We each followed the link in the email deciding to complete the form simultaneously on each of our laptops in order to aid one another in ensuring accuracy. There was no margin for error in this process and lately, as error prone as I had been (you know…wrong day at the opera), following along together made sense.
Before we could even begin the 20 page process, we had to sign up for an online immigration account which required a series of seven or eight security questions.
Having to deal with answering security questions can be a tricky process. If an answer is off by only one letter, one number or a single aspect of the answer, it may result in total frustration when trying to recall what was originally intended.
|Manly is a charming beach town with shops, restaurants and water activities.|
We didn’t want to make a lengthy handwritten list for each of us. We’d already written down the complicated passwords including all types of characters, capital and lower case letters and numbers. You know how that goes.
It ended up taking at least a half hour to getting our individual accounts set up. As we’ve mentioned, its been very rainy and humid since we arrived. When we were 10 minutes into this process, I suggested we turn on the air con. We were both drenched in sweat. Oh, I don’t like this stuff.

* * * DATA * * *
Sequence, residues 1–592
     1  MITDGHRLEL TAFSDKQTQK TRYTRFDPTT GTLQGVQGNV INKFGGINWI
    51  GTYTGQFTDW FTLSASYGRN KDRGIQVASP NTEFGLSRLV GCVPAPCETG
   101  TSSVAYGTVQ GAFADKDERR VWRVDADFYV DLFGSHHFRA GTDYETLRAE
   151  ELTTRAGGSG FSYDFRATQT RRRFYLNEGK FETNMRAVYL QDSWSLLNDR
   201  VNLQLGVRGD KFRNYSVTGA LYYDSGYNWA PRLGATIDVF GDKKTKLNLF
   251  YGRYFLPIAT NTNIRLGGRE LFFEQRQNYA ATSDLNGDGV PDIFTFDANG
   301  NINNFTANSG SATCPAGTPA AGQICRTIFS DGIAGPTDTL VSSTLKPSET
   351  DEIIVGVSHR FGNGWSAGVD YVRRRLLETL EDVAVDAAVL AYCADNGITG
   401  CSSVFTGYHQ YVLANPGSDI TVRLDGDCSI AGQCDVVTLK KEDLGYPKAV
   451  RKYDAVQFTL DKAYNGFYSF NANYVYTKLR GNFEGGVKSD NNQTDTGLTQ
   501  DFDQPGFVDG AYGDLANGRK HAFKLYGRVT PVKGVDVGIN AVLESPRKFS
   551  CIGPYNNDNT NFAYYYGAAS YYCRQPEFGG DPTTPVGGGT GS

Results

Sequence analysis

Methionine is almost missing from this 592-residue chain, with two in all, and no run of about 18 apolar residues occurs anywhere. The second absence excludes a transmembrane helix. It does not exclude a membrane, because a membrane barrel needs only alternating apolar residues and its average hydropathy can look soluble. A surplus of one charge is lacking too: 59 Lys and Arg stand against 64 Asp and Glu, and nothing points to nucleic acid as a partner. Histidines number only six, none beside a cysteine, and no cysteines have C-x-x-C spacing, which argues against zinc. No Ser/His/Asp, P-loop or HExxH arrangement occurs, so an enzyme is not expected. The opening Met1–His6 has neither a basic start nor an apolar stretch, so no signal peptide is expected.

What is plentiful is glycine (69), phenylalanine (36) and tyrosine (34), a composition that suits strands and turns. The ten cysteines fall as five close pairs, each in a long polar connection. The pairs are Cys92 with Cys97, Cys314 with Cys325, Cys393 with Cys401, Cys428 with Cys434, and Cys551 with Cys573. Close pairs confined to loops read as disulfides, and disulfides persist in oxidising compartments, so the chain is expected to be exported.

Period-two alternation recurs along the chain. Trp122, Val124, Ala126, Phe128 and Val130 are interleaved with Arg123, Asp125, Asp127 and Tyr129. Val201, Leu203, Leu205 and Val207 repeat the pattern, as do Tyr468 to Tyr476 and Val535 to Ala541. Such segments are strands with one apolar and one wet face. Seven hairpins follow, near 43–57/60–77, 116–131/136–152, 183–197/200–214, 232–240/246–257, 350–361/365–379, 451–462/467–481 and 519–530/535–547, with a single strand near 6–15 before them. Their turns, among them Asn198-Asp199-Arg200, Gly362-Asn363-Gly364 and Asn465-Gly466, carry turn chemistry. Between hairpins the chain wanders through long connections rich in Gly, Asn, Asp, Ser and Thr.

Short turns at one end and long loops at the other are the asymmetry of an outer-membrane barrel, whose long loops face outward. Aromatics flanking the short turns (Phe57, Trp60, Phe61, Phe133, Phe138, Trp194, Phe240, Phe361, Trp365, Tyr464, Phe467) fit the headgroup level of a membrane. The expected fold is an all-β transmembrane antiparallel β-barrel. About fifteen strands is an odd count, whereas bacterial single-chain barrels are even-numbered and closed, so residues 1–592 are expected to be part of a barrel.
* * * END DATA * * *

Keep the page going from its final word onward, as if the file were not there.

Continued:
Immediatey Tom turned on the air conditioning. Besides, we’d done two loads of laundry hanging it indoors on the portable rack making the humidity all the worse in our little apartment. The air con was a welcomed relief.
|Yummy looking mounds of interesting flavors of ice cream at the Manly Wharf.|
Once we’d established the accounts, we proceeded to begin the 20 page online document. It was a slow process when we continually received error messages for entering words in unacceptable formats. We plodded along.
Once we completed page 4 and hit the “continue” button for page 5, we both received an error message, “You cannot continue from this point based on your current status. Call the immigration office immediately.” Oh, oh.